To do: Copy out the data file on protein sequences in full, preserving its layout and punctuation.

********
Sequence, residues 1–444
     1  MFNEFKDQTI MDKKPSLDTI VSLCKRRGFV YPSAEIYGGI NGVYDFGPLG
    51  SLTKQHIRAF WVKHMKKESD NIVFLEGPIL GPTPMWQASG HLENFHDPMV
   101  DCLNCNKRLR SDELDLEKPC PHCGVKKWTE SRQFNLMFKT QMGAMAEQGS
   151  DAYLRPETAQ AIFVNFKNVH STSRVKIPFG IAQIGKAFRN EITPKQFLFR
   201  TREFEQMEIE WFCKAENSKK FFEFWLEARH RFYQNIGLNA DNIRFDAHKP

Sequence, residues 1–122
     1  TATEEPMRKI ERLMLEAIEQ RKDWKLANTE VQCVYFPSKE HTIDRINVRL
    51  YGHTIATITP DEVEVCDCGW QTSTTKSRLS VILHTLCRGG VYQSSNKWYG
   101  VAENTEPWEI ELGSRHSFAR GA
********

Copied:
Sequence, residues 1–444
     1  MFNEFKDQTI MDKKPSLDTI VSLCKRRGFV YPSAEIYGGI NGVYDFGPLG
    51  SLTKQHIRAF WVKHMKKESD NIVFLEGPIL GPTPMWQASG HLENFHDPMV
   101  DCLNCNKRLR SDELDLEKPC PHCGVKKWTE SRQFNLMFKT QMGAMAEQGS
   151  DAYLRPETAQ AIFVNFKNVH STSRVKIPFG IAQIGKAFRN EITPKQFLFR
   201  TREFEQMEIE WFCKAENSKK FFEFWLEARH RFYQNIGLNA DNIRFDAHKP

Sequence, residues 1–122
     1  TATEEPMRKI ERLMLEAIEQ RKDWKLANTE VQCVYFPSKE HTIDRINVRL
    51  YGHTIATITP DEVEVCDCGW QTSTTKSRLS VILHTLCRGG VYQSSNKWYG
   101  VAENTEPWEI ELGSRHSFAR GA